Pat Ivers and Emily Armstrong continue sorting through their archives of punk-era concert footage as it’s digitized for the Downtown Collection at N.Y.U.’s Fales Library.

Lounge Lizards (Photo: Pat Ivers)

We finally shot the Lounge Lizards at CBGBs in the spring of 1979, just a few months before we bought our first color camera. Good thing, too. They just looked better in black and white.

Some called what they played fake jazz but we loved their sinuous stew of no wave, be-bop and cinematic soundscape that Robert Palmer of The New York Times famously described as “somewhere west of Charles Mingus and east of Bernard Hermann.”

And they looked like they sounded: natty, a bit louche and darkly captivating. You just wanted to light up a cigarette and enjoy. Founded by saxophonist John Lurie and his brother, pianist Evan Lurie, the band roster read like a Who’s Who of downtown: new music royalty, with more than 35 members cycling in and out over 20-odd years.

Album cover.

The original lineup featured the Lurie brothers, guitarist Arto Lindsay (DNA), drummer Anton Fier (Golden Palominos), and bassist Steve Piccolo. John and Evan were childhood friends with Steve; and in the late seventies, Arto and Anton shared a rehearsal space.

“John and Evan came over one night with some songs and we played together once and by the second time we were a band. It came together very fast,” remembers Anton Fier. “We had the freedom back then to practice and develop and, of course, we shared the same vision.”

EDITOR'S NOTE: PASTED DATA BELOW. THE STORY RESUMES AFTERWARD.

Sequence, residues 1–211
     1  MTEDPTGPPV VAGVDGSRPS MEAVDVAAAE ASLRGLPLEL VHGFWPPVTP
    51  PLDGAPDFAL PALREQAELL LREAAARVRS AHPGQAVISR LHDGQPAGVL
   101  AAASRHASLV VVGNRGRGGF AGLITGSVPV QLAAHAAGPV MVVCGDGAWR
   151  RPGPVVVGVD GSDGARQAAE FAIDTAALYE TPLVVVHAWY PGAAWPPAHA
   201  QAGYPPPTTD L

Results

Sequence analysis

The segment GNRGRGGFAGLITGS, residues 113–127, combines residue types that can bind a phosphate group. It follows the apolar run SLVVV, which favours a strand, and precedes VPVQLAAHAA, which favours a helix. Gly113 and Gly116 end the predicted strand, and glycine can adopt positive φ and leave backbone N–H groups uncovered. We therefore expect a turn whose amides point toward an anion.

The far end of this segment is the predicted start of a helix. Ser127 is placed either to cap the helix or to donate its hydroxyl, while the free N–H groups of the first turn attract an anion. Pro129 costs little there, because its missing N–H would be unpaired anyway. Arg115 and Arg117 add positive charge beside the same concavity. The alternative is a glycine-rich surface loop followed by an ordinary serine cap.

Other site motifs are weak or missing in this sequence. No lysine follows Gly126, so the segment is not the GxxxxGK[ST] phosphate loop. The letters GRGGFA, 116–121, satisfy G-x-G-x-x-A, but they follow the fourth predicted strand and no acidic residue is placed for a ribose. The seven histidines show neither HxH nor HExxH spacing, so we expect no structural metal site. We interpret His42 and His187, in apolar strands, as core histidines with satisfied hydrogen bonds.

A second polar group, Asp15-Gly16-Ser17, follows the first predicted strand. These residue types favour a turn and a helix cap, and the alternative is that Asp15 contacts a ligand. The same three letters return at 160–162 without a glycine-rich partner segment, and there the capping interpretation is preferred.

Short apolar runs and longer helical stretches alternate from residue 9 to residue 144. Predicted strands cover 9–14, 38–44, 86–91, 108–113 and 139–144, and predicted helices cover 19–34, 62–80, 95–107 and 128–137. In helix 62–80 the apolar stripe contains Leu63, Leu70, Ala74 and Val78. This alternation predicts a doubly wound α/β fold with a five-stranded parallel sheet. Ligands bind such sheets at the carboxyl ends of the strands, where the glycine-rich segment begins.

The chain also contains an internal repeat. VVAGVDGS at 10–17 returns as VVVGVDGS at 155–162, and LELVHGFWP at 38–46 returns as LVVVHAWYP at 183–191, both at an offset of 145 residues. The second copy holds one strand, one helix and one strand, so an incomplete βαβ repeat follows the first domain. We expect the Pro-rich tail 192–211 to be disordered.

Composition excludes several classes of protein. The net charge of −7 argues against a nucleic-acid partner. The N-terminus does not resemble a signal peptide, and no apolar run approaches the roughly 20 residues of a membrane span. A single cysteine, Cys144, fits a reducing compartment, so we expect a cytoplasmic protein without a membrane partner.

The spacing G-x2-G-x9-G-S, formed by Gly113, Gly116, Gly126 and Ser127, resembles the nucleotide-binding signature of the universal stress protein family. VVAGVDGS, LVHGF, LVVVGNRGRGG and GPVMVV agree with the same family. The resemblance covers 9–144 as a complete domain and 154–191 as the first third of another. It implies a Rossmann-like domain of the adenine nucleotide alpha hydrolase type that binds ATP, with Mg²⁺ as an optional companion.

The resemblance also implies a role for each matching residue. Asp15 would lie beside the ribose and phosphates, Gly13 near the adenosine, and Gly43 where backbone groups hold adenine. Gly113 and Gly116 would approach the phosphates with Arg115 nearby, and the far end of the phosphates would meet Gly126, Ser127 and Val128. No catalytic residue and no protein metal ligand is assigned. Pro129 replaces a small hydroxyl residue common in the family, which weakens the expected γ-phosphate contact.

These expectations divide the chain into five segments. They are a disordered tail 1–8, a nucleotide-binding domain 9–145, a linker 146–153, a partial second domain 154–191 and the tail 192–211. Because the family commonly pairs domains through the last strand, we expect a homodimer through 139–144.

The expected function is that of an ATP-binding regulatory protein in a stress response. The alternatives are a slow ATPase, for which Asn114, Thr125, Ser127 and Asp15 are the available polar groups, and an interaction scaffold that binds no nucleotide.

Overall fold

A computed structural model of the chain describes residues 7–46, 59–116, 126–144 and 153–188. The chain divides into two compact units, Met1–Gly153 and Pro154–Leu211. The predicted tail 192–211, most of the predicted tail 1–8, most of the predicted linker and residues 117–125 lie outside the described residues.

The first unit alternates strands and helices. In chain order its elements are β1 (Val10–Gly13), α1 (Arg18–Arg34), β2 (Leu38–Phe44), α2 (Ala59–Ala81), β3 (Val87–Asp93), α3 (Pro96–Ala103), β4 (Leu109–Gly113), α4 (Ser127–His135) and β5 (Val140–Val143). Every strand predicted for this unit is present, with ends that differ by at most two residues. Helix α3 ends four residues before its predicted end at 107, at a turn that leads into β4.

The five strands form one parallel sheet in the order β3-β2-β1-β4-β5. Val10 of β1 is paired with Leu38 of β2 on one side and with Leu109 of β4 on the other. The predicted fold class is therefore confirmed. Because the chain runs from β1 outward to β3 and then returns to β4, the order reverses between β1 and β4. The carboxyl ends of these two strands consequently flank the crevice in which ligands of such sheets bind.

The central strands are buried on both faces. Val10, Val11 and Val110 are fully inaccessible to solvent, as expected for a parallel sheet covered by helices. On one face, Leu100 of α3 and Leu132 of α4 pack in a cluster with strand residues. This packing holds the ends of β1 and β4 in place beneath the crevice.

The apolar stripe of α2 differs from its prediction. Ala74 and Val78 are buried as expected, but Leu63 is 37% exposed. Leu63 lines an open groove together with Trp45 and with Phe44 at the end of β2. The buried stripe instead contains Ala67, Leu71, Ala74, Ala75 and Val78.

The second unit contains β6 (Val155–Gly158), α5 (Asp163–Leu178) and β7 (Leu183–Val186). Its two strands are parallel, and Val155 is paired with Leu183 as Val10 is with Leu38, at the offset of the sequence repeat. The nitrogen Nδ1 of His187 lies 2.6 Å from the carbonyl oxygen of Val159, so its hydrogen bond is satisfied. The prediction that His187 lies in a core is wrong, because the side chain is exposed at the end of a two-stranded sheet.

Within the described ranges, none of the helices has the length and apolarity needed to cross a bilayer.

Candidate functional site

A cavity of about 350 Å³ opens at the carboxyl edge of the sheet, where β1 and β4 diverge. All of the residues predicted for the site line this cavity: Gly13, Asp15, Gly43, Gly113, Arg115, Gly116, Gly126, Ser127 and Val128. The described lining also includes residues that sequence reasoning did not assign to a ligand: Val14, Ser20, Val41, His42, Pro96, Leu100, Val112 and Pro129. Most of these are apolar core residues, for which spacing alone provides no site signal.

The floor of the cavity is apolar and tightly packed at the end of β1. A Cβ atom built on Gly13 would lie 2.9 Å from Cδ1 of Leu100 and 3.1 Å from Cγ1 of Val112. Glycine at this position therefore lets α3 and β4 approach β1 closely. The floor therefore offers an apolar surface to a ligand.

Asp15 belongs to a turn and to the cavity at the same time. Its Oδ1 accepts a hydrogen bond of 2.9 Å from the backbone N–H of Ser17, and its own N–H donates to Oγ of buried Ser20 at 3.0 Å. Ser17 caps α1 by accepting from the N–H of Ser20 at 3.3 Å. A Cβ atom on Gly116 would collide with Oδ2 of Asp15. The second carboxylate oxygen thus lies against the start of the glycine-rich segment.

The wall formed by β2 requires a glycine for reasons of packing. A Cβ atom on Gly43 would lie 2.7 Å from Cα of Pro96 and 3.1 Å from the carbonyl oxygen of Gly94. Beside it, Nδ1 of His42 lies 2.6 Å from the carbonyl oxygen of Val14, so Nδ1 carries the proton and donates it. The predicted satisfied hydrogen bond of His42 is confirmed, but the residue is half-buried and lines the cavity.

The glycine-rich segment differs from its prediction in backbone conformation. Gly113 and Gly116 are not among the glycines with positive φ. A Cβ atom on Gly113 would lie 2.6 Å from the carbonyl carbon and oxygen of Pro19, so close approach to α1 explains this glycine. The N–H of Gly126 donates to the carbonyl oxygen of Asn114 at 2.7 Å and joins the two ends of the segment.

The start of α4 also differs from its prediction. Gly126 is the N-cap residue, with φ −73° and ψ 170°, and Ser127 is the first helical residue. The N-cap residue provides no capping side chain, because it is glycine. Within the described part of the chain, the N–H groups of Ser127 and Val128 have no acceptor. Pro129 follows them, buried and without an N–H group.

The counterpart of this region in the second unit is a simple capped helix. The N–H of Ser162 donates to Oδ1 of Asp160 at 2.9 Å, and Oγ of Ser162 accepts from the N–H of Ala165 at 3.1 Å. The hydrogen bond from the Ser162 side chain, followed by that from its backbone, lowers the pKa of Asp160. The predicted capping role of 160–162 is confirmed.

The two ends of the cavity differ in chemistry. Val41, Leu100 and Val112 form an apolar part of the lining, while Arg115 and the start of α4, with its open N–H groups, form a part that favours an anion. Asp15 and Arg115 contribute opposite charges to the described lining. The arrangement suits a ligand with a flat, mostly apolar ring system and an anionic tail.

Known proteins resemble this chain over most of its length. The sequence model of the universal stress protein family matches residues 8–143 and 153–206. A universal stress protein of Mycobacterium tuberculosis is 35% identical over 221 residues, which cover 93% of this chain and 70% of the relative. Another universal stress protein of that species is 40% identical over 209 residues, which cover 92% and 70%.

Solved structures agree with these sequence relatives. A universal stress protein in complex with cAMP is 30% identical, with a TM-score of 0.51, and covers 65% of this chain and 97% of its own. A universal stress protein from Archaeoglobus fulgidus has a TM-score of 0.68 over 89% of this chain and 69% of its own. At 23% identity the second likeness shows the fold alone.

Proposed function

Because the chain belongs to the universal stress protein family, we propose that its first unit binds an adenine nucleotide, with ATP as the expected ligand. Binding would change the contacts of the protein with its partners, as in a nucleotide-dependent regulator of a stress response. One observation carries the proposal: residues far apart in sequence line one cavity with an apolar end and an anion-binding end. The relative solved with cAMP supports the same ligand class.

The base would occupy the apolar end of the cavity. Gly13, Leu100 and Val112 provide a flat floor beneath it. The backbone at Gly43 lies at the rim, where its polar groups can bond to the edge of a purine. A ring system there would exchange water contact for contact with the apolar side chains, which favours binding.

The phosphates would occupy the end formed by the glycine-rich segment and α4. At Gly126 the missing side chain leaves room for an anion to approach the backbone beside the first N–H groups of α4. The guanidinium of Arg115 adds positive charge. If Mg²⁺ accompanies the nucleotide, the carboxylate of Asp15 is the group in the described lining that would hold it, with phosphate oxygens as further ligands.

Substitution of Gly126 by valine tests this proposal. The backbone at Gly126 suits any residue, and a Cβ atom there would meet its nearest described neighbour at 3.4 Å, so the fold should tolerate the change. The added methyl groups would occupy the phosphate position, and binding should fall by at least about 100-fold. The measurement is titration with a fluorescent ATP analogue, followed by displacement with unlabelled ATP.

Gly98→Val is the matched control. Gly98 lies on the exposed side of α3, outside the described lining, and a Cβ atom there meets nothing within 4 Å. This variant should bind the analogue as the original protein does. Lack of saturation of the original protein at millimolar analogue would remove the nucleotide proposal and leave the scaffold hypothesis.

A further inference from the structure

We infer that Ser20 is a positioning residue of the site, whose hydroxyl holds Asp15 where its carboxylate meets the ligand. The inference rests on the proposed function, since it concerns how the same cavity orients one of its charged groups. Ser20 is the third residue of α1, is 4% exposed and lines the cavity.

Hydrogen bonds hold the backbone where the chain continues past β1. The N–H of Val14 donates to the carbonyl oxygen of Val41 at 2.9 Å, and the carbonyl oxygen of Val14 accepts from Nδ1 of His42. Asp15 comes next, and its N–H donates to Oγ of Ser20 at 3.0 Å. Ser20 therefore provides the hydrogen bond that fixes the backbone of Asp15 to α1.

They had a rich collaboration but John was the acknowledged leader of the band. “The original compositions were actually things that John wrote for a movie,” Evan told us. “He wanted to make this kind of film-noir pastiche thing, as everybody did at that moment, so the original pieces that the Lizards played were actually written with that in mind. Of course, the film never happened.”

John Lurie (Photo: Pat Ivers)

But lots of other films were made. This was the era of “No Wave” cinema, a stripped-down DIY style made by the likes of Scott and Beth B and Amos Poe. John Lurie even directed a film, “Men in Orbit.” The Lizards were a whole other thing. As Evan says, “All of us were musicians who decided to start a band. The Lounge Lizards were not an art-school project, we were musicians.”

And it showed. In 1981, they recorded an album with Teo Macero, the fabled producer of Miles Davis’s “Bitches Brew” and “Kind of Blue.” It was simply called “The Lounge Lizards.” Fier recalls, “We were nervy enough to ask Macero to produce and he did it. We recorded it in three days and they mixed it in two. We basically played like a live band.” Listening to it anew after many years, he marveled, “I was shocked at how good we really were.”

Anton Fier recalls, “We had genuine fun working together. It made me a better musician.”

Anton Fier (Photo: Pat Ivers)

Over the next 20 years, the band evolved and changed. “When Arto left [to form The Ambitious Lovers] we revamped and then we revamped again,” Evan recalls. “Then I left for a while and came back. At about the end of the run, we were on the Conan O’Brien show.” (Fun fact: John Lurie composed Conan’s theme music with Howard Shore.)

In 2004, Evan began a four season run writing the music for the kids show “The Backyardigans.” He is now working on solo compositions. Arto, Steve and Anton continue to play as well, working on a variety of group and solo projects. John Lurie devotes his time to painting; you can see his work at his site,

Strange and beautiful — that perfectly describes The Lounge Lizards.

This post originally appeared on The Local East Village.